Even if you are fortunate enough to run such an experiment, there is some natural skepticism. After all, your company is trying to put the best light on your product. Case studies are viewed as special cases where the results were cherry picked. ROI calculators are often seen as biased and rigged to make the solution being evaluated look good. Even if the results are seen as impressive, some executives believe their situation is different or unique and therefore the conclusion and positive results may not carry over their operation.
 
Finally, as we’ve explained in other blog posts, the value one gains from using a product extends far beyond the production gains. It includes reducing risks, gaining benefits sooner, and the experiences of working with the company supplying the product.
 
So what can you do when someone asks you to “show me the ROI”? If possible, conduct a carefully controlled experiment that is as objective as possible. Use a third-party to conduct and publish the case study. If available, use industry standard benchmarks so prospects can make apples-to-apples comparisons between products. Keep in mind all the dimensions of value and emphasize the other areas of the total user experience you do differently and better than any alternative. Positive references from loyal customers will carry much more weight than a simple ROI calculator spreadsheet.
 
Rarely does it come down to strictly a numbers game. Some say you make the decision based on emotion and you then find a way to justify it using logic and evidence. So create a positive emotion by emphasizing the potential for a very positive total user experience and then supplement that with some quantitative evidence to close the deal.
 
 
At a company I worked at years ago, I was asked to be the liaison between our business unit and a special interest group (SIG) in our company’s users’ group. My main responsibility was being the main point of contact for the SIG’s officers in case they needed any support or information. The benefit to me was direct contact with users of the product for which I was the Product Manager. This offered great potential because as I’ve pointed out in other posts, there’s nothing more valuable than getting first hand feedback from users about their experience in using my product.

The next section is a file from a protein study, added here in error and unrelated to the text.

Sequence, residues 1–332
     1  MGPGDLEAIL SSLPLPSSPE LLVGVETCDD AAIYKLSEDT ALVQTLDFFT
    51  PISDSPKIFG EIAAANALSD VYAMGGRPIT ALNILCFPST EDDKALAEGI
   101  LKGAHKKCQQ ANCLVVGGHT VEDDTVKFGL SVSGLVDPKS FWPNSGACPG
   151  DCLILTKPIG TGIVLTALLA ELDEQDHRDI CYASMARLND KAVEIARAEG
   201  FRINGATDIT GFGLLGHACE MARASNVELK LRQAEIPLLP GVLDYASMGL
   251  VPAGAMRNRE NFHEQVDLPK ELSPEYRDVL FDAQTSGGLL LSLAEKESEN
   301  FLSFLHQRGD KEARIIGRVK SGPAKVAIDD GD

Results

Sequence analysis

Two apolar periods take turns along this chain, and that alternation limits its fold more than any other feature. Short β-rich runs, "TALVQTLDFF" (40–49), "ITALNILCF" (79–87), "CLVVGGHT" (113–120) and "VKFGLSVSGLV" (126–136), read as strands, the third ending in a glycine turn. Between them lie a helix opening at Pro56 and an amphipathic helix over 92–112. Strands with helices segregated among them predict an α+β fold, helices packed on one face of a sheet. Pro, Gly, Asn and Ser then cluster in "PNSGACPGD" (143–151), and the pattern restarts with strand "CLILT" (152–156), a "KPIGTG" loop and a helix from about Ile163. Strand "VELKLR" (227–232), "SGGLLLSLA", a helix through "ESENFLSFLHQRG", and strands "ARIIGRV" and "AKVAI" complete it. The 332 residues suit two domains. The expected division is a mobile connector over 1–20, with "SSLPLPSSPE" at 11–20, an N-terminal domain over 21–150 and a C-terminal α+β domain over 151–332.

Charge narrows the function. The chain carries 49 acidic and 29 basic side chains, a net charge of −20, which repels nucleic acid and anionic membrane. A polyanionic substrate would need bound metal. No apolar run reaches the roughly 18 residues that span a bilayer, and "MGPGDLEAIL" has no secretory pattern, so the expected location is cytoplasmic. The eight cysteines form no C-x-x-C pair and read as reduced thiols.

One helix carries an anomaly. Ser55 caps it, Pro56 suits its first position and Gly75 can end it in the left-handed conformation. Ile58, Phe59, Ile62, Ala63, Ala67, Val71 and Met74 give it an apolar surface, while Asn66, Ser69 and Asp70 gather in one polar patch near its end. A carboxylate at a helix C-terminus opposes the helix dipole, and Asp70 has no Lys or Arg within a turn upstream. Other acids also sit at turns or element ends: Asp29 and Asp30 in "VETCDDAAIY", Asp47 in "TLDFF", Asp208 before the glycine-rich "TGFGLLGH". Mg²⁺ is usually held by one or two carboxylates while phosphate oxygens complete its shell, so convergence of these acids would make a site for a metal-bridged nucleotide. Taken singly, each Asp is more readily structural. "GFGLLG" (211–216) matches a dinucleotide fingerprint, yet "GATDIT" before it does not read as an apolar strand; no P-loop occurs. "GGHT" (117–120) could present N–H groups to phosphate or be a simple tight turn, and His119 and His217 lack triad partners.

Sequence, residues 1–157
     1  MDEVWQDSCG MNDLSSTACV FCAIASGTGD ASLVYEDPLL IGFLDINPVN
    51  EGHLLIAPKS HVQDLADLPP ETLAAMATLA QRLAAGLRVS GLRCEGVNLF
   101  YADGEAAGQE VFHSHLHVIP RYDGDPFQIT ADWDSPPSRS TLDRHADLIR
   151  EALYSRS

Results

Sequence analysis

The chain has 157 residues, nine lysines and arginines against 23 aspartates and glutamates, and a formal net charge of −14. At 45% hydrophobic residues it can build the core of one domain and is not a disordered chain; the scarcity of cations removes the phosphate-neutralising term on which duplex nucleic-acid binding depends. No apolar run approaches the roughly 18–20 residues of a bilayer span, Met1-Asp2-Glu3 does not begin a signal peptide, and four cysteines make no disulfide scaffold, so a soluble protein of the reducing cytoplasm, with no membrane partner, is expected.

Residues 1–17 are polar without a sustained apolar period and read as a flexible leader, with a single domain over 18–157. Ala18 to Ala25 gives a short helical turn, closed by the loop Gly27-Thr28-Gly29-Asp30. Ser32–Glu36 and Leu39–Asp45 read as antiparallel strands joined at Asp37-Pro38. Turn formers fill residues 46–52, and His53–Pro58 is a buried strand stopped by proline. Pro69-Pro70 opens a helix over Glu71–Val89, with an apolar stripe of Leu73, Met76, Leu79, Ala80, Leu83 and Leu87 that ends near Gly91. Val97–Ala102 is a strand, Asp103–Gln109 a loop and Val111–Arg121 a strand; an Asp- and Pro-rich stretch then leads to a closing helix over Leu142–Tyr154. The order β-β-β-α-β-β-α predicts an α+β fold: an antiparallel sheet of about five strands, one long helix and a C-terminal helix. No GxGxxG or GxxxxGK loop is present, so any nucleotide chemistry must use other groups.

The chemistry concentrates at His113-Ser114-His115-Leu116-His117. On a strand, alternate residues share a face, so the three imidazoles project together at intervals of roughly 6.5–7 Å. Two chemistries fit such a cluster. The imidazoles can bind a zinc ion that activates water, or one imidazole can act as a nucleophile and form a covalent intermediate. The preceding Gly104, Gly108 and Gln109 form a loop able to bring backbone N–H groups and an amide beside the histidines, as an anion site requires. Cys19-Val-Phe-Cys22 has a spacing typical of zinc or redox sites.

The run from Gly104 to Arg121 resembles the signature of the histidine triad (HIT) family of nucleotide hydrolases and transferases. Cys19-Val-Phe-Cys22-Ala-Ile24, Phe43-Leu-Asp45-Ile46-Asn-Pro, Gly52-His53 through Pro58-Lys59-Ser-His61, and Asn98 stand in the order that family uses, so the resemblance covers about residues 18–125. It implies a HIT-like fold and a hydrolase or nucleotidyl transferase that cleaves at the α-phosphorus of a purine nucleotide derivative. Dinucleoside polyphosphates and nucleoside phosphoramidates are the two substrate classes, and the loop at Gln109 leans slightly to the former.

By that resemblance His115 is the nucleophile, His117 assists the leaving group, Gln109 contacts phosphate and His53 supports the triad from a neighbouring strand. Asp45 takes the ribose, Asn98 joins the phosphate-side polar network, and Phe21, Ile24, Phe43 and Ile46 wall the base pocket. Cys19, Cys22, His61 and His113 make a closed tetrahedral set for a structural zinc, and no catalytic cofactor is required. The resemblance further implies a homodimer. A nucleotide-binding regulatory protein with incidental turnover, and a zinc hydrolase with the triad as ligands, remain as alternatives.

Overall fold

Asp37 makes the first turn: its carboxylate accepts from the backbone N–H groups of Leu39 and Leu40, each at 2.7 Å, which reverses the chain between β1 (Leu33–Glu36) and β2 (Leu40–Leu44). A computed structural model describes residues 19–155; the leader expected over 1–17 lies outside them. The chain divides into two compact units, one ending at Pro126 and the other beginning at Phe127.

My introduction to the SIG officers at the users’ group event was polite but reserved. They offered generic praise for my product at the meeting and had few negative things to say. I thought it would be a nice gesture to take them out to dinner because they were visiting from out of state. That evening, the tone of the conversation changed. They were less guarded, laughed a little,
and started to point out a few things about my product that could be improved.
 
Throughout the year, we exchanged emails discussing product issues and I helped them out the best I could. At the next users’ group meeting, the communication was much more open. At dinner that evening, which became a regular occasion, I started to hear for the first time what they really thought. They were more comfortable in sharing their genuine opinions about my product, both pro and con. They talked about my competition and the kind of support they were getting from us. I started to get insights into their “total user experience” that I hadn’t heard from them before. It was a real eye opener.
 
The lesson I learned was how important the relationship is to the quantity and quality of the communication between two people. If a stranger walks up to you on the street and starts asking you questions, you’re probably going to be very guarded and reserved in your answers, assuming you’re willing to talk to that person at all. But if a good friend asks for your impressions
and opinions on a subject, you’re much more likely to open up and convey both information and emotion.

It goes the same for business. You can conduct an internet survey or perform a phone interview but unless you know the person, you need to understand the depth and quality of the information will be suspect. On the other hand, if you have a
long-time relationship with a customer based on a trust that has been earned by honest communication and satisfied commitments, you will have access to the important information, such as, what works well, what let them down, what they
worry about, and how things are changing. Isn’t this the kind of information you need to plan for the future?